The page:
Last updated on February 6, 2020
Storyboards – as they are known today – were the brainchild of the geniuses over at Walt Disney studios in the 1930s.
Today, they have gone beyond the animated movie scene and entered the corporate world.
No less than 87% of marketers are making use of video content in their marketing strategies and a good percentage of those embrace storyboard as the telling media.
With such impressive stats in the loop, it makes sense to delve into the idea of what storyboarding is.
What is Storyboarding?
The idea of storyboarding is to help advertising agencies and media houses better present the concepts that they would like to use in commercials.
It consists of a series of illustrations which show the sequential arrangement of events that would occur in the said commercial from start to finish.
A storyboard also helps incorporate all the other elements that would be involved in the video before final production begins.
In a way, a storyboard can be likened to be the taking of visual notes (as opposed to textual alternatives) that aid the development of the video for advertisement or other purposes.
What is the purpose of storyboarding?
In video creation, storyboarding has multiple purposes with many benefits.. These upsides can be described as follows
Idea Materialization: When a new commercial is to be developed, a copywriter is employed to create the copy to be used.
An art director then works with the copywriter to make their ideas come to life (before final production) with the aid of their storyboarding skills.
This storyboard helps to work out the ideas of the copywriter in detail while allowing the art director to showcase their creative prowess.
By the time the storyboard is done, the advertising team will be better informed on how to shoot, portray and convey the message in different frames and scenes.
Elemental Combinations: Another win for storyboarding comes in the way it allows for the pre-planning of elements which would go into different scenes.
The art director will be able to illustrate which aspects will be for video, where the animations will go, how the still images will align and so much more.
They will also be able to control how the audio will go in line with sound effects and music, where applicable.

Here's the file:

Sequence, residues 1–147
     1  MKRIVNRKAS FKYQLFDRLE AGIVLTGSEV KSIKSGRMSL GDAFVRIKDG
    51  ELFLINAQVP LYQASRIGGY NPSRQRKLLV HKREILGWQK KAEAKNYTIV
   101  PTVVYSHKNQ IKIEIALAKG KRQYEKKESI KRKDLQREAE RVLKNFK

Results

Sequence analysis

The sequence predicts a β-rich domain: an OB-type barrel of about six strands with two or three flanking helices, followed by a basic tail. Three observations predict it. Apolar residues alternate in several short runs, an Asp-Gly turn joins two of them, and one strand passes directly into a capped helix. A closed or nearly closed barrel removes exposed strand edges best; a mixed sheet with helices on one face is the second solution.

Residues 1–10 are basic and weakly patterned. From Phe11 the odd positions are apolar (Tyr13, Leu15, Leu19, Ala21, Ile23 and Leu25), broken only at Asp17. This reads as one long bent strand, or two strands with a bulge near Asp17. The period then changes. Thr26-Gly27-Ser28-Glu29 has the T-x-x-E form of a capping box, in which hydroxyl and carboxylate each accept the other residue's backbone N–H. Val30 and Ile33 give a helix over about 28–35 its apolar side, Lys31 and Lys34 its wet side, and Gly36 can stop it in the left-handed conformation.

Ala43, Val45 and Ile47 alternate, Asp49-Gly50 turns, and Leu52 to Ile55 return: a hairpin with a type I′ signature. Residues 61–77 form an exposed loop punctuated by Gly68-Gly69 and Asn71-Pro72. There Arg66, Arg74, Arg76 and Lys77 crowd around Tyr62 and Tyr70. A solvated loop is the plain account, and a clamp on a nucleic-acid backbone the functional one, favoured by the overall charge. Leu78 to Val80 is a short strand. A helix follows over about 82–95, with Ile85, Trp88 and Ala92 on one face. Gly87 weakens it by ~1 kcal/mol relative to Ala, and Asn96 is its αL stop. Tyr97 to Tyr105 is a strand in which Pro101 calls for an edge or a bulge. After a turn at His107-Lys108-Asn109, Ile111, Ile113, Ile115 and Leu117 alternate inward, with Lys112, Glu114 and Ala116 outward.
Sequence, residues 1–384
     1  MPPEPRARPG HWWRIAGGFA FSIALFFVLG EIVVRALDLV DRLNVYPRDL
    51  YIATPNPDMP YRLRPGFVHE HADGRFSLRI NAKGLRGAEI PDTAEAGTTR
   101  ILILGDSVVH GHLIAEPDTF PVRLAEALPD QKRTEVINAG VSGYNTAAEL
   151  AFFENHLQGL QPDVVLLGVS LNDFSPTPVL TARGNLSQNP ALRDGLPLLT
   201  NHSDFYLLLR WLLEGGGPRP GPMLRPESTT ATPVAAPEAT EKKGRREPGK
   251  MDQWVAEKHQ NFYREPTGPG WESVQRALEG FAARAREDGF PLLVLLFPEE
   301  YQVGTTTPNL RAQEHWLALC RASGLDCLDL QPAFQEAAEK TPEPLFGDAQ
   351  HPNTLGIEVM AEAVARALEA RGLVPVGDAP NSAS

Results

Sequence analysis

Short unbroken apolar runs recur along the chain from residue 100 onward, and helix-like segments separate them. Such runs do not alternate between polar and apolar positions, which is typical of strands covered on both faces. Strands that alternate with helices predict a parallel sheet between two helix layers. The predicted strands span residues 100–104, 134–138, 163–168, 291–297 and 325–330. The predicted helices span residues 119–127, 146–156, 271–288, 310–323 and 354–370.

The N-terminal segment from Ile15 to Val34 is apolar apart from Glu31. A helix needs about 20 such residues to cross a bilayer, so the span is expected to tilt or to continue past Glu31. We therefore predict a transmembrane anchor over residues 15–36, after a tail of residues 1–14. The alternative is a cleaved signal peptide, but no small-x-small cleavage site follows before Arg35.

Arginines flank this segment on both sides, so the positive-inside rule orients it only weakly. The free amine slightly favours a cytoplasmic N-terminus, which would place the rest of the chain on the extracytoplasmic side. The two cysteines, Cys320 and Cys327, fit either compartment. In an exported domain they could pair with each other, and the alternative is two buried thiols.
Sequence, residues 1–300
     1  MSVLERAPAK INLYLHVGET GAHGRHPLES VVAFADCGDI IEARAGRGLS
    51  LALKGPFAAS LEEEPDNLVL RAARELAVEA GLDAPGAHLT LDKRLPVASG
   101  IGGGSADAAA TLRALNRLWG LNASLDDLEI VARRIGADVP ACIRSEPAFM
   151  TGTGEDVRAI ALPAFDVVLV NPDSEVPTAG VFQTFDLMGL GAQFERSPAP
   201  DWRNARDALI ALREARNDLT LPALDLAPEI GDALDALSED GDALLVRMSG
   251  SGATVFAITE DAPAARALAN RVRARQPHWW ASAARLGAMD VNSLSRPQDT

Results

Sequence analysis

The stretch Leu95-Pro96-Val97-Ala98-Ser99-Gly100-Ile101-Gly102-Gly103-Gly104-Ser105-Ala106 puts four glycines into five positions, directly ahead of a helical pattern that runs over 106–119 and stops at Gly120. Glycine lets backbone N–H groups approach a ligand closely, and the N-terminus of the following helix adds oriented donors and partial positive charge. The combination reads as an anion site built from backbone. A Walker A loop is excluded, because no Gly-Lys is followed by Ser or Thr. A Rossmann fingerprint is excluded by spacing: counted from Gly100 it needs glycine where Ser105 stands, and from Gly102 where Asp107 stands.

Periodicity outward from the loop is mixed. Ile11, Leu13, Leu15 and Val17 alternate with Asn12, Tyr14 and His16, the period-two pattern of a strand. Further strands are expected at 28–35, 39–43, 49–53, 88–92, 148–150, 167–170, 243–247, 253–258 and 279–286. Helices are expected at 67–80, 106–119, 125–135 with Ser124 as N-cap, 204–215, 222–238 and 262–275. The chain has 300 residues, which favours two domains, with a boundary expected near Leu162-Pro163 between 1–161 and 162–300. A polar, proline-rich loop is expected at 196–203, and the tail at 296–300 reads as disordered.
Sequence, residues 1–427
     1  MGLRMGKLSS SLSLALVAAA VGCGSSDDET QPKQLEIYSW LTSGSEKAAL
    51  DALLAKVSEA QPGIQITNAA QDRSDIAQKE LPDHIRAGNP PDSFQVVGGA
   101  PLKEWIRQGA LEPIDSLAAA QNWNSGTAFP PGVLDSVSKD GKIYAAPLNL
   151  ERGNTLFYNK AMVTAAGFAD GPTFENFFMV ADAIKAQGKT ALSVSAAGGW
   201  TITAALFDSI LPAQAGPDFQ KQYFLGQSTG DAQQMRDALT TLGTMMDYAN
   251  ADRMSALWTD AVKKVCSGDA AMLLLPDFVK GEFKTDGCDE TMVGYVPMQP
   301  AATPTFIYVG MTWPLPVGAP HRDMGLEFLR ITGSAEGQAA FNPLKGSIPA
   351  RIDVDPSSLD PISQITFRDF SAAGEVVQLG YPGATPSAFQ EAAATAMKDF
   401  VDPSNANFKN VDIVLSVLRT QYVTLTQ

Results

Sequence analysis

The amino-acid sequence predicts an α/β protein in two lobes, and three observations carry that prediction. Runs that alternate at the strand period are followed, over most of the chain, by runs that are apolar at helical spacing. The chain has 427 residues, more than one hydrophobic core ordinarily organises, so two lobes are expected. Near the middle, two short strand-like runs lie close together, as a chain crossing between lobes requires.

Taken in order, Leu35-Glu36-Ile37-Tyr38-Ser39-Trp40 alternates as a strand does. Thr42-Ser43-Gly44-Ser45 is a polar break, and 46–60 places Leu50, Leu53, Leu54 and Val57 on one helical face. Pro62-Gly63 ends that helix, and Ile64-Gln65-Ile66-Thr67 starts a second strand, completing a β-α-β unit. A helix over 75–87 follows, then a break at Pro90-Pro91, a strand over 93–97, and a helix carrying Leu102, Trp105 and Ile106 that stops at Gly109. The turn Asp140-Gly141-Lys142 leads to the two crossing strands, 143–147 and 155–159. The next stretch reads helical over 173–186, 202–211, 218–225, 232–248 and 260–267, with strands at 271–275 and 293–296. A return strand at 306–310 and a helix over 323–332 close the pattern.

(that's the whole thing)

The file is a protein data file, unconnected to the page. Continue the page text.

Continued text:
Initial Presentation: Rather than spending all that money on shooting a video that gets rejected or sent back for minor changes, the storyboard helps get that problem out of the way.
A senior in the agency or a team member could look through the storyboard and help make additional tweaks before final production kicks in.
Production: Perhaps the biggest advantage of the storyboard comes at the time of production.
Even if the director knew nothing of the project earlier, they are able to decipher a lot just by looking at the storyboard.
A detailed storyboard will inform the director of the number of actors, sequences, required scenes, props and so on that are needed for final production.
Creating a Functional Storyboard
The beauties a storyboard brings to the table will not be brought to life if you cannot create a great one. In fact, the success of the video commercial is dependent on how great the storyboard is in the first place.
For those who are interested in creating one for themselves, the steps below are for you.
1) Develop Template
You can develop your template on a small or large scale. It is advisable that you develop this template on some pieces of paper before moving them to a larger (preferably white) board.
Speaking of paper, opt for plain sheets over ruled ones.
Once you have those, you should start by drawing some rectangular boxes. Below each of these boxes, make sure you leave spaces for important details such as:
- Effects, etc.
You will also want to make sure each block you have drawn will represent each shot of the video commercial.
By the way… There are a series of storyboarding scripts that you can get online for free. You can download one here.
2) Introduce the Script
Remember the lines you left under each of the boxes? This is where they come into play.
Take the script (that must have been developed by the copywriter) and slot the dialogue into the designated boxes.
3) Sketch your characters
You don’t have to be a Picasso to get this part done. Drawing simple stick figures will do the trick.
In the case of multiple actors in a single frame, you might want to add special designation to your stick figures so as to keep things simple.
If there is going to be any movement in the frame, simply use an arrow to indicate that in the desired direction.
Another alternative to sketching images is making use of photographs.
Don’t have time for that? Get some magazines and cut out images from them.
If all else fails, you can check out some online storyboarding tools that will allow you add speech bubbles, texts, choice images and all that fanfare.
4) Take Notes
After having all the fun, you might want to add some of your thoughts for the next person that will be working on the storyboard.
You can add in notes at the end of each scene for that.
You can also bring more life to the scenes with notes that describes what is happening, preferred camera angles and if applicable, special effects.
Whatever you see fit to go into that frame, don’t leave it out in the notes.
On a final note, storyboarding is as interesting as it is impressive. It allows you to express your ideas for a shot in practically no time.
When next you’ve got an inspiration for a commercial in mind, you can draw fast and sloppy to refine later, but you’ll surely have a great video from it.
Can’t draw storyboards? Don’t worry – there are a lot of experts out there who can take your idea, put a creative spin on it and give you gold!
PS…We hope you liked this Introduction to Storyboarding for Video. Please let us know by sharing this post.